Andy Flower, England team director, has kept up the pressure on Samit Patel to reach acceptable fitness levels if he is to achieve his ambition of a Test debut for England against Sri Lanka in Galle later this month.

Flower regards Patel as a genuine contender to bat at No. 6 and strengthen England's slow-bowling ranks as they seek to improve on their disastrous 3-0 whitewash against Pakistan in the UAE. But as the bulk of England's squad prepared to leave Heathrow, he issued a subtle reminder of the fitness standards required to survive the sapping conditions of Sri Lanka at one of the most humid times of the year.

"I think he's still got significant work to do on the fitness front but he's inching in the right direction," Flower said. "The heat and humidity will be a significant factor for the bowling side certainly and then on concentration levels because fatigue affects everyone. Fitness levels and how we react will be very important."

The makeup of England's bowling attack will influence whether Patel will make his Test debut in Sri Lanka. Flower and England captain Andrew Strauss will have to decide whether to continue with two specialist spinners, a policy that served them well against Pakistan in the UAE, revert back to three quick bowlers, or play five bowlers - something England have been reluctant to do but an option Flower has not ruled out.

"Everyone in this squad is a serious challenger for a Test place," Flower said as England prepared to fly out to Sri Lanka ahead of the first of two three-day warm-up matches on March 15. "Patel provides the option of flexibility for us. If we played three quicks and Graeme Swann, then he could bat at six and give you that angle to bowl into the rough if we needed to. That is a possibility.

"If the conditions determine that two spinners should play, they can take up a lot of the slack on the workload front. It doesn't necessary mean you have to play five bowlers. We saw two and two work effectively in the UAE and I still think with two specialist spinners taking up a lot of the overs you can still take 20 wickets with four bowlers."

England, who could begin the Sri Lanka series below South Africa in the Test rankings, also have James Tredwell, the 30-year-old Kent offspinner, in their squad. A surprise selection, he is only likely to feature through injury to Swann. "James is an experienced cricketer who we know we can rely on," Flower said. "Both types of spin are important and we've covered both."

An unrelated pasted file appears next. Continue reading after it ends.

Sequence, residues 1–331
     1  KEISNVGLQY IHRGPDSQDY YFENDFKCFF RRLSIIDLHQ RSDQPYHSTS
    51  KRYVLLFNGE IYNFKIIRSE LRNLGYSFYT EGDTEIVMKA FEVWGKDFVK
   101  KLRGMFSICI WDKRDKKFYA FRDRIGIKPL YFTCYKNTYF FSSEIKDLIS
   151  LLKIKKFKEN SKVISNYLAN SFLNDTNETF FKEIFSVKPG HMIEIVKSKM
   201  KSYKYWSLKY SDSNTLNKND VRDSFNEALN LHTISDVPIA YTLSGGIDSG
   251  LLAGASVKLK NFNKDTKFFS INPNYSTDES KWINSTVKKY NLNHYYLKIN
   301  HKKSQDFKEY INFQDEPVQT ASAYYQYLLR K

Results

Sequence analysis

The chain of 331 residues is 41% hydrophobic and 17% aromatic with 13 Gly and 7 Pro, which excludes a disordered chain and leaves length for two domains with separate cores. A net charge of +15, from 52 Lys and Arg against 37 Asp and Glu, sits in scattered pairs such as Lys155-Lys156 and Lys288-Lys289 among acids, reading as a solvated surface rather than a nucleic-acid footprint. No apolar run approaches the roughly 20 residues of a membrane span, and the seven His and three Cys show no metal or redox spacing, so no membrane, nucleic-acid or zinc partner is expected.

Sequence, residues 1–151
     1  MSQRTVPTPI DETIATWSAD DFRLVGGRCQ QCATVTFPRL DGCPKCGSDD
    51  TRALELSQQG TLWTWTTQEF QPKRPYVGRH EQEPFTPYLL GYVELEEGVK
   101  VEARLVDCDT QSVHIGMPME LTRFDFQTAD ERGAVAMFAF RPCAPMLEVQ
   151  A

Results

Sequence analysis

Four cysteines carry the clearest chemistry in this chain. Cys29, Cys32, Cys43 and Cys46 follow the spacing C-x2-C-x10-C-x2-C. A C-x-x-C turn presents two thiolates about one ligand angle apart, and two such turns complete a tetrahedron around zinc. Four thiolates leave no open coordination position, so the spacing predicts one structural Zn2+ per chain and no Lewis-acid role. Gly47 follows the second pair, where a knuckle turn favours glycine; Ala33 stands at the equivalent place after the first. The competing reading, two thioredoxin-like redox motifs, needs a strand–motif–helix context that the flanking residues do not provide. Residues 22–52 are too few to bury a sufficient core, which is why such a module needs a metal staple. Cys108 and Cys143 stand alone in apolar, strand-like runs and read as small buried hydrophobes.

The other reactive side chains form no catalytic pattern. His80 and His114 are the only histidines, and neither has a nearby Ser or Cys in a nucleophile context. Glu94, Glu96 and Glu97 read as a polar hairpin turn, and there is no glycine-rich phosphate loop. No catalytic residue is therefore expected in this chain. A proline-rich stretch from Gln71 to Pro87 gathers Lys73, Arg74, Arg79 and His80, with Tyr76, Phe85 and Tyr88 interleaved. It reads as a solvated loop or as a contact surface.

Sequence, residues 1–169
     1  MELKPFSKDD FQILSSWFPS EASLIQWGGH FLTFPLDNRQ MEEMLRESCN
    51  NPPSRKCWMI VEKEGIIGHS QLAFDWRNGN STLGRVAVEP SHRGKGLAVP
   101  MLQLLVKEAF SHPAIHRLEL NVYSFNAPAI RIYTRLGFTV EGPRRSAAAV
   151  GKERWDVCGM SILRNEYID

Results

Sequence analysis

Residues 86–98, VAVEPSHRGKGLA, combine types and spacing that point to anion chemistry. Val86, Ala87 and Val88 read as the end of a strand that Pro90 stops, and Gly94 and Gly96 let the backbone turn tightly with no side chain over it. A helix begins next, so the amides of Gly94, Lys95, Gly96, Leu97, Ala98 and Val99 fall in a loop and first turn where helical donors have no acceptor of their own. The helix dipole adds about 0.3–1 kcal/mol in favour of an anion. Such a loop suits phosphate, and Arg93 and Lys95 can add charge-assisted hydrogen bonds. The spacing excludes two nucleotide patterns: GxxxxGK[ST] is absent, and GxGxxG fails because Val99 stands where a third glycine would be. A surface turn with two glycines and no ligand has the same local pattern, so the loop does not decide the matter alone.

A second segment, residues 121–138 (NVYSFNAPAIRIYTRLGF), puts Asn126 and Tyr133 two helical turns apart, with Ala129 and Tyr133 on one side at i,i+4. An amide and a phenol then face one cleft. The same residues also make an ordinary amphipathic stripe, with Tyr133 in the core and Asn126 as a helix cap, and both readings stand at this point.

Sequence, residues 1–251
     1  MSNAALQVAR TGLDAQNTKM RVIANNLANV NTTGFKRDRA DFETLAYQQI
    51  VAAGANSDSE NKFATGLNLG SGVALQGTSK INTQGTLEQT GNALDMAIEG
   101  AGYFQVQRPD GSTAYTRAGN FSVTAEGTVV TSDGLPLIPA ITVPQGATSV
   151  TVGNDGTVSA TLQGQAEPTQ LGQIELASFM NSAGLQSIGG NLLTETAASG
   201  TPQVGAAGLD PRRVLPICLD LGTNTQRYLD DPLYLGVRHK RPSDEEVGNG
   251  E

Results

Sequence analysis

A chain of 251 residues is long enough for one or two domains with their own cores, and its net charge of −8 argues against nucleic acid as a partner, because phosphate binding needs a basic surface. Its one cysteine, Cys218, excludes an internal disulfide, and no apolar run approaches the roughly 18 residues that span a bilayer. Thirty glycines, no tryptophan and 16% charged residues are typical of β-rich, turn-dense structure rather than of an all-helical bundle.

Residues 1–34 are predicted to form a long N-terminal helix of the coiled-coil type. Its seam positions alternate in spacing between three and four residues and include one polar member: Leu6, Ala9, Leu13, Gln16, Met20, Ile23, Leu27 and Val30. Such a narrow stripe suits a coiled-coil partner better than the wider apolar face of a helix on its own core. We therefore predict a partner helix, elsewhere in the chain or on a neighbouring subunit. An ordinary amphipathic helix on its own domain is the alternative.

He sounded unconcerned that Tredwell has not played since the end of last season. "When you've played as long as Tredwell has, it won't take long to get him up to speed."

Tredwell is one of seven England players that have flown out early to Sri Lanka to acclimatise. Ian Bell, reserve wicketkeeper Steven Davies, Monty Panesar, Patel, Matt Prior and Andrew Strauss have also travelled early for two skill sessions a day and fitness training.

Strauss is looking to find form after a lean period in Test cricket: his last century came in Brisbane in November 2010. But Flower sees the improvements Strauss made towards the end of the Pakistan series as signs of returning form. "To survive and thrive you have to be adaptable and he showed some of that adaptability in that last Test," Flower said. "He's working at those skills and methods right now and he's got two three-day games to get some time in the middle. With his experience I expect him to do well."

Flower said that Strauss was not helped by an extended break between the end of the season and start of the Pakistan series but that a similar scenario was unlikely happen again and Strauss was keen to lead from the front once more. "He's a very experienced cricketer and you know that he's very level-headed in his response to both the highs and lows associated with playing for England. I know he will be working hard and smart to get his game in order."

Strauss will return to the England top order alongside Alastair Cook, who, along with Kevin Pietersen, found form in the 4-0 ODI series win against Pakistan. Their performances and the experience gained against Pakistan's barrage of spinners is cause for optimism for Flower. "The good thing about playing people like Seed Ajmal is that as you're exposed to them you should get better, that's how we grow, by putting ourselves in tougher situations that we'd normally come across.

"Playing in subcontinental conditions against good spinners will without doubt add to our batsman's growth. So I should expect our batsman to be better able to deal with Sri Lanka's spinners."

Alex Winter is an editorial assistant at ESPNcricinfo